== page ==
Hsp90 sequence similarity. Only the N-terminal domains of three Hsp90 sequences are shown: PfHsp90 (the P. falciparum Hsp90 studied in this paper), PfHsp90-2 (another potential Hsp90 paralog in P. falciparum), and a major Homo sapiens (human) Hsp90 (HsHsp90). The total amino acid residues of the full-length sequences are 745, 821, and 732 respectively. Residues known to be important for ATP and GA binding are colored red. Details are in the Results.

Besides GA, there are a number of other compounds that also inhibit Hsp90 and interfere with its chaperone function. These include members of the ansamycin antibiotic family, namely herbimycin, and macbecin I and II, which are structurally similar to GA and bind to the nucleotide-binding pocket of Hsp90, and coumarin-type antibiotics, exemplified by novobiocin, originally discovered as an inhibitor of bacterial DNA gyrase B [4244]. Radicicol, a macrocyclic antifungal structurally unrelated to GA, also specifically binds to and inhibits Hsp90. As expected, many of these drugs inhibit the ATPase activity of the Hsp90 complex, and all of them promote proteolytic degradation of Hsp90 client proteins. Based on the high degree of sequence similarity between PfHsp90 and mammalian Hsp90, we predict that all of these compounds may also act as antimalarials.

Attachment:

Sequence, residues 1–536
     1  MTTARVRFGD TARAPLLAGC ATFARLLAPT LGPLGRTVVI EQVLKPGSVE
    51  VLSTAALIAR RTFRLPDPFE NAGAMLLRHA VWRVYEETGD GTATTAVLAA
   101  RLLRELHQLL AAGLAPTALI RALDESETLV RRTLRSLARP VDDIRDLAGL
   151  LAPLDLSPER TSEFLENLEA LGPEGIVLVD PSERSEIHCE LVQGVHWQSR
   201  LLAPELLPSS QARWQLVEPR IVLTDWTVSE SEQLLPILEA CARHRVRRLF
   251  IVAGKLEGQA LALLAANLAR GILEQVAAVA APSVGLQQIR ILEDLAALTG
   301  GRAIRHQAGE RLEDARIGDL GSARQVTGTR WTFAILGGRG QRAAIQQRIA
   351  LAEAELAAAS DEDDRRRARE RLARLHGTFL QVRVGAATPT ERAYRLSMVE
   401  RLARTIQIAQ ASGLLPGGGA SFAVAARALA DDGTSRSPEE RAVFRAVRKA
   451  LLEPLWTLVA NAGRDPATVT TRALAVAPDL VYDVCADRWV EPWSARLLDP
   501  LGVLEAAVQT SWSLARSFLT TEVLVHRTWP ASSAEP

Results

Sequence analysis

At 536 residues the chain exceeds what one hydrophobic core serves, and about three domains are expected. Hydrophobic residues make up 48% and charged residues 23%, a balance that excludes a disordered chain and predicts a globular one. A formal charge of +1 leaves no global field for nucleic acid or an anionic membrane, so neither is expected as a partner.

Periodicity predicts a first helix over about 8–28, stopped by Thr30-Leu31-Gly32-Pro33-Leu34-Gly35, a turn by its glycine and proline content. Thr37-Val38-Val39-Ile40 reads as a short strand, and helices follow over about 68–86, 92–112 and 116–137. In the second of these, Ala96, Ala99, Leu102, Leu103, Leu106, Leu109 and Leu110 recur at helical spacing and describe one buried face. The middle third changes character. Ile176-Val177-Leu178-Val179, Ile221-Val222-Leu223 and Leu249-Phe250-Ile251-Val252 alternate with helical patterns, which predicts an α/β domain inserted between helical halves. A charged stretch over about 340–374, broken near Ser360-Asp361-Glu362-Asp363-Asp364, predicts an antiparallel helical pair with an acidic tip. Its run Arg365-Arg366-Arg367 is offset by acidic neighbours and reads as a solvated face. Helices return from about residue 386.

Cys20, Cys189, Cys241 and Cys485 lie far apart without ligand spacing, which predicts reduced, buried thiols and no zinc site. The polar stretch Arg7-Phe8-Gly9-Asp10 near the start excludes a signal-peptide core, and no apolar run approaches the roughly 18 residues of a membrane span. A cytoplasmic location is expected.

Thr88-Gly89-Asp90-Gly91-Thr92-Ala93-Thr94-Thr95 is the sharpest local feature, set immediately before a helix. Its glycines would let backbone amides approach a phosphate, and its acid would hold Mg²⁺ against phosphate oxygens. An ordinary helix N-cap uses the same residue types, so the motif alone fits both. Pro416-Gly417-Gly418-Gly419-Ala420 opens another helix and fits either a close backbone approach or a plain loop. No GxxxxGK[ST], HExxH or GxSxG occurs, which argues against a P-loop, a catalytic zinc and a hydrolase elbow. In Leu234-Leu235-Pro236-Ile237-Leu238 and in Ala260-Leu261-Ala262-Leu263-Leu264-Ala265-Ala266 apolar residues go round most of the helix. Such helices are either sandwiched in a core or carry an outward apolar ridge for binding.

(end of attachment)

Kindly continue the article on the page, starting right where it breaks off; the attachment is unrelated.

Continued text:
There is now mounting evidence, albeit indirect, supporting the existence of a highly active protein chaperone system in Plasmodia. First, our results and previous publications have led to the characterization of a Plasmodium ortholog of Hsp90, an ATP-utilizing molecular chaperone conserved across evolution, and sequence analysis suggested that there might be others (Fig. 8). Consistent with its greater need in conditions that lead to protein misfolding, PfHsp90 transcript levels increased three to four fold when erythrocytic parasite culture was shifted from 37°C to 41°C [24].